Aimee Suzara Imagines ‘The Real Sappho,’ Shifting an Ancient Life to Present Day

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Headshot of a woman with long black hair and a light brown complexion
Playwright and poet Aimee Suzara, author of 'The Real Sappho' opening this week (online) at Cutting Ball Theater. (Bethanie Hines)

Like many figures from the classical era, the lyric poet Sappho is only known to us through fragments and conjecture. What seems certain is that she was a poet of great renown, referred to by Plato as the “Tenth Muse.” We know she was born on the Greek island of Lesbos. We know she had at least one daughter. And we know her poetry frequently centers around love: in celebration of marriage, and of romantic, same-sex longing for women.

For Oakland-based poet and playwright Aimee Suzara, integrating the story of Sappho into the present day has been a years-long process, instigated and facilitated by Cutting Ball Theater in San Francisco. Now it’s finally coming to fruition in online performances of The Real Sappho on June 24 and 25.

One of a number of commissioned works (the first, Free for All by Megan Cohen, debuted in 2019), Suzara’s The Real Sappho was originally conceived as an adaptation of Estelle Lewis’ 1868 play Sappho of Lesbos. But Suzara quickly found herself less drawn to Lewis’ tragedian take on the elusive poet and more to Sappho’s own writing.

“Here’s a female figure whose little fragments of work survived over centuries,” Suzara says. “We analyze it because it’s poetry and it’s about a life and a person that we can only imagine ... [and then] we get these mythologies that were written about her ... that take the place of her actual poetry.” But Suzara asserts that Sappho’s surviving poetry, as fragmented as it is, paints a much more down-to-earth portrait than the mythologies often do.

“The idea of her jumping off a cliff because she fell in love with a shepherd boy ... was actually a myth that was written by male writers after she died,” she notes. “And the version of the story that went in Estelle Lewis’ [play] definitely followed a lot of that for the sake of it being very dramatic and tragic and high stakes. But I was reading it going, ‘Wait a second, where’s her daughter? Where are her female lovers?’ Aging is mentioned, her hair changing color ... You know this happens to mothers, and she talks about it in her poetry. I connected with that.”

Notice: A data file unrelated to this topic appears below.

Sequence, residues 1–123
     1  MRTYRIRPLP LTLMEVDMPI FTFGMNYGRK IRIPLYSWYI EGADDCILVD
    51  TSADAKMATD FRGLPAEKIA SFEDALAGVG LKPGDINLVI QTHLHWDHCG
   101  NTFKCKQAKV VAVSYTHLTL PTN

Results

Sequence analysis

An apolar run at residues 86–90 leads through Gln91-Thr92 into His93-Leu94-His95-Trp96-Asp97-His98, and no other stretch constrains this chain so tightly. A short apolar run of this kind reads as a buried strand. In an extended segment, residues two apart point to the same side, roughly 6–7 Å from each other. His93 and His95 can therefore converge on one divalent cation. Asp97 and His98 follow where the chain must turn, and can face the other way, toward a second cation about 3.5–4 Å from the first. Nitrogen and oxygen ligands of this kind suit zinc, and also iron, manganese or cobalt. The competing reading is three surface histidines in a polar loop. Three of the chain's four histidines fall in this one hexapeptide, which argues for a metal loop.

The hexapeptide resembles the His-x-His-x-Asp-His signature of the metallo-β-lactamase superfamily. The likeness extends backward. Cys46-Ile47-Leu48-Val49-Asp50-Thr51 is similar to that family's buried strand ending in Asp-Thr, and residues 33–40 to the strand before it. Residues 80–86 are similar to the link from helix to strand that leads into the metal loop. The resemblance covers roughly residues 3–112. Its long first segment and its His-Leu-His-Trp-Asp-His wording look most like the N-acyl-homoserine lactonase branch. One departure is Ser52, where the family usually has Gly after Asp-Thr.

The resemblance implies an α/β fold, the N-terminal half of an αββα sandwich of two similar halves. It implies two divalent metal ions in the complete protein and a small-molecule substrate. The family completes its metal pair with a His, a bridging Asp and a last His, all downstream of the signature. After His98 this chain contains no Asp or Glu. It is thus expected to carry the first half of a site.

But in order to create a Sappho that felt true to the source material Suzara found that mythology still had its place. Reflecting on Sappho’s poems for Aphrodite, Suzara wanted to keep that relationship to the divine as a theme in her play. Additionally she aimed to reconfigure Sappho’s island home into a place that felt closer to her own experience. To that end she invented “Oak-Island,” a fictionalized ode to her current hometown melded with inspiration drawn from time spent in Cuba, where her husband Einar Leliebre Nuñez (the composer for The Real Sappho) currently lives.

“It’s not like Oak-Island is Cuba, but ... [it’s] a place where it’s normal to be in a community setting that includes cultural expression that may include spiritual elements.” The spiritual elements she refers to appear in her play as a chorus embodying the goddess Oshun, an Orisha figure important to Cuban Santería.

“Orisha-honoring is a part of the fabric of everyday life,” Suzara explains. “It’s very common to see altars, and to have to participate in celebrations that are religious—or to at least see it or be around it.” With input from Nuñez (a Santería practitioner) she was able to infuse her exploration of divine connection with an Afro-Cuban perspective that felt more authentic to the play’s Oak-Island setting.

A Black woman with short hair sitting on outdoor stone steps
Jeunée Simon as Sappho in Cutting Ball Theater's production of Aimee Suzara’s ‘The Real Sappho.’ (Estela Hernandez)

Of equal importance to Suzara’s Sappho (played in the Cutting Ball production by Jeunée Simon) are her other key relationships. She teaches her poetry students not only the art of the written word but that of embodiment, through dance, ritual and frank eroticism. We see her relationships to her daughter Cleis (played by Tierra Allen), and to her lovers: men and women, past and present.

It may be no coincidence that all of these fragments of Suzara’s Sappho also seem to correlate to aspects of Suzara’s own identities. She too is a poet. An instructor. A queer woman whose loves are not confined to one gender. She is a maturing mother steeped in the art of creation, and in the creation of art. This last facet of Sappho’s identity felt especially important because of, as Suzara points out, an endemic inability to see mothers as artists, or even as whole human beings.

“There’s a line in the play where (Sappho) says ‘I was a mother, and the father, and everything raising her daughter and ... I almost let my dreams go to the wayside like women always do,’” Suzara describes. “And the real threat that I constantly feel is that I could easily just say, ‘You know what? I can’t do this anymore.’ ... [But] actually as a mom, I have so much to express now and so much wisdom and knowledge. I feel like I’ve become a whole other person.”

One could even say she’s become like Sappho, even though—as she points out in our interview—we can’t know yet what mythologies will be built around her present-day legacy. “What would it be like if my work was found in hundreds of years?” she wonders aloud. “What would I want to be carried along?”

‘The Real Sappho,’ written by Aimee Suzara, directed by Nailah Harper-Malveaux, produced by Cutting Ball Theater, plays virtually June 24 and 25. Tickets and more information here.